KLEE logo It is inevitable that automatic verification tools will have performance problems because they push up against “the decidability ceiling”: trying to solve undecidable problems and often getting away with it. In an earlier article, we looked at how to profile the verification process to find which part of your program is causing the problem. But that is only half the problem: we need to actually fix the problem.1 So this article looks at one way that we can fix performance bottlenecks when verifying Rust code using the KLEE symbolic execution tool. In particular, it looks at using path-merging to overcome the path explosion problem.

The way that symbolic execution tools like KLEE work is that they enumerate all viable paths through your code and individually explore each one. By “viable”, what I mean is that each time KLEE finds a conditional branch, it uses a solver to decide whether the whether the branch condition must be true, must be false or could be either (depending on symbolic input data). This third situation where a branch depends on the symbolic input data is what distinguishes symbolic execution from conventional (concrete) execution because the symbolic executor will continue executing both paths.

This property of symbolically executing multiple paths through a program is a major cause of verification performance problems because the number of viable paths through a program can grow exponentially.

For example, consider a loop containing a branch.

for i in 0u32 .. N {
    if <condition> {
        x = x + 1;

If the branch condition depends on symbolic values, then

  • the first time round the loop, there will be two viable paths to execute so there will be two paths at the end of the loop
  • the second time round the loop, each path will generate two viable paths to explore so there will be four paths at the end of the loop
  • at the end of the Nth time round the loop, there will be 2^N paths to explore.

(For more detail, see [bornholt:oopsla:2018] and [galea:arxiv:2018].)

Model checkers avoid this problem by always merging paths whenever they reach a control-flow join. In cases like this loop, that is exactly the right thing to do; in others, it causes an explosion in the state space. But I’m using a symbolic execution tool so what can I do?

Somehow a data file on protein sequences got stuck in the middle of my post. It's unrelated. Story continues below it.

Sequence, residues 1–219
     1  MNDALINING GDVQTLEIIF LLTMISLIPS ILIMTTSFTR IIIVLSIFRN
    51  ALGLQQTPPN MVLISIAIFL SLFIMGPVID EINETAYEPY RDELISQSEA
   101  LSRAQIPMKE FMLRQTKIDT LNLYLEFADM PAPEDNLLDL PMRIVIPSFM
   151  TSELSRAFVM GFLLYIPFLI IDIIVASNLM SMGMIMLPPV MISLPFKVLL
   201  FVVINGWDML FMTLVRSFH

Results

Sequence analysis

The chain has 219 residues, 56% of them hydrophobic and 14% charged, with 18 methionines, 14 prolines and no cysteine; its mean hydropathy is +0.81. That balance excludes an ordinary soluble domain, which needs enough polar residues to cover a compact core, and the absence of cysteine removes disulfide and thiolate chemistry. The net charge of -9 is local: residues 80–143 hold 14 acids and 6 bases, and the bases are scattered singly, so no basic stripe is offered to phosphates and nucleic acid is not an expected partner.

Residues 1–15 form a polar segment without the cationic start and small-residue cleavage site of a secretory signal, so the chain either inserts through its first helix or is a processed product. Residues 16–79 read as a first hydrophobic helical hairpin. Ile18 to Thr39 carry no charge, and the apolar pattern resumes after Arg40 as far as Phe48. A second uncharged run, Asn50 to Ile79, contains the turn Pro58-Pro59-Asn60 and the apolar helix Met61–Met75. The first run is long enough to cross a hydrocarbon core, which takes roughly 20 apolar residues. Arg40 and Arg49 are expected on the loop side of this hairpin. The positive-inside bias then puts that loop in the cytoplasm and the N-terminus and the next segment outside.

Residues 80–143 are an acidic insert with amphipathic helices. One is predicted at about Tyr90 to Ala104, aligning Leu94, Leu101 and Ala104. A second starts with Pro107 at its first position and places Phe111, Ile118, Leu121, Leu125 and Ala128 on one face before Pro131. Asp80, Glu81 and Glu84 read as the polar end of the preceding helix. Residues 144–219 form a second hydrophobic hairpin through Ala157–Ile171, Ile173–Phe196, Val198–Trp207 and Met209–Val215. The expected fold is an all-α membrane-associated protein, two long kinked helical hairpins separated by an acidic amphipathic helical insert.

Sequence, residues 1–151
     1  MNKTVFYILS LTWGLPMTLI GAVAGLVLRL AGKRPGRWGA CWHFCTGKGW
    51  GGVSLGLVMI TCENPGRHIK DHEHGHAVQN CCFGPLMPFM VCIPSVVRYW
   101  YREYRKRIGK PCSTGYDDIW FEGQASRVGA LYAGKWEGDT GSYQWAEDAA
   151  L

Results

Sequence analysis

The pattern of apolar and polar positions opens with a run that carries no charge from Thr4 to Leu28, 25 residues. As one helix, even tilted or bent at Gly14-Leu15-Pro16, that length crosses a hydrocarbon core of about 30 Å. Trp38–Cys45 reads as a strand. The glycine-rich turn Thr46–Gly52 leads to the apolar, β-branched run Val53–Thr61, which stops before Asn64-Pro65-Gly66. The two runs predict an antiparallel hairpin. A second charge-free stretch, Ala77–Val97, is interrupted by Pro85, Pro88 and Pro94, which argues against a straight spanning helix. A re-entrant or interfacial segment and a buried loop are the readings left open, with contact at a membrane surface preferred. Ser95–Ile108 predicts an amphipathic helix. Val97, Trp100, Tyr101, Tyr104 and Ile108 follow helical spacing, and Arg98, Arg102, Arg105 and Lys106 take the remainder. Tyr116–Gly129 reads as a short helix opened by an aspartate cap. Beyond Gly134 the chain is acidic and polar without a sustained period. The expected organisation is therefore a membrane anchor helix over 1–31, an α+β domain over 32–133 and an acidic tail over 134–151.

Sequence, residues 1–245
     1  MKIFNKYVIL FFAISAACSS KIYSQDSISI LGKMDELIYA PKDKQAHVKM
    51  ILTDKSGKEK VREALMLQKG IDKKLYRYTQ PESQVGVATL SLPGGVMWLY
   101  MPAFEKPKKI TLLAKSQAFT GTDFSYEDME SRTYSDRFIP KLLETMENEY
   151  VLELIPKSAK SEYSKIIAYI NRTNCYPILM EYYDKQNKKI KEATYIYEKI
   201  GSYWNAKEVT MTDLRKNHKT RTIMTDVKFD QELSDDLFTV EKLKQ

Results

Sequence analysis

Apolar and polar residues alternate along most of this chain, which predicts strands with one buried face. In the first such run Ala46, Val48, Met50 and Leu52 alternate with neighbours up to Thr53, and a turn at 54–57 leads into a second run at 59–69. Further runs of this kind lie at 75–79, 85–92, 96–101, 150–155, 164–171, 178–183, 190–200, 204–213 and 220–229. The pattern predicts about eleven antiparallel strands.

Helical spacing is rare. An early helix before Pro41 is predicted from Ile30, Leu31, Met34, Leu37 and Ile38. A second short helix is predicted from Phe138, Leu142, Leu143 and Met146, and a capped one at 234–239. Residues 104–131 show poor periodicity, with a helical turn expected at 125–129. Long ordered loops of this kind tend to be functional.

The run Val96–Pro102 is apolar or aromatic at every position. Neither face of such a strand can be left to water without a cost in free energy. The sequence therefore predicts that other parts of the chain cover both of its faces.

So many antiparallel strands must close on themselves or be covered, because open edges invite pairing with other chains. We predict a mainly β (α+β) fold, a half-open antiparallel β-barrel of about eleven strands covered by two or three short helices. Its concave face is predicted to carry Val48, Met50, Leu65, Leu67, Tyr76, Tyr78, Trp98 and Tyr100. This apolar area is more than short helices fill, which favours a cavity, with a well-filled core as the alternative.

While looking through KLEE’s documentation, I noticed that KLEE had some support for manually merging paths by calling the function klee_open_merge to start tracking path splits and later calling klee_close_merge to merge paths back together. There is not a lot of documentation but it seemed to be worth a shot so extended our KLEE support to provide these functions and a convenience macro to wrap a block of code.

pub fn open_merge();
pub fn close_merge();

/// Coherent blocks don't fork execution during verification.
macro_rules! coherent {
    ( $body:block ) => {

To test these, I wrote a small test to create an array, set each element of the array to a symbolic value

use verification_annotations::prelude::*;

fn test_merged() {
    // An array
    let mut a = [0u32; N];

    // Set each element of array to a symbolic value
    for i in &a {
        *i = u32::abstract_value();

    // A loop containing two branches - this will cause a performance problem
    // for conventional symbolic execution.
    for x in a.iter() {
            verifier::assume((5..10).contains(x) || (15..20).contains(x))

    // A true assertion about an arbitrary element of the array
    verifier::assert!(a[3] < 20);

Running this test on KLEE with

    cargo verify --backend=klee --tests -vv --backend-flags=--use-merge |& grep 'generated tests'

should result in

    test_original: {"generated tests": 1024, "total instructions": 709566, "completed paths": 4093}
    test_merged: {"generated tests": 1, "completed paths": 41, "total instructions": 11852}

Indicating that the original version suffers from a path explosion and generates more tests, executes more instructions and explores more paths than the merged version.

  1. Arguably, profiling your code doesn’t even solve half the problem. Until you have actually fixed it, you can’t even be sure that the profiler has correctly identified the root case.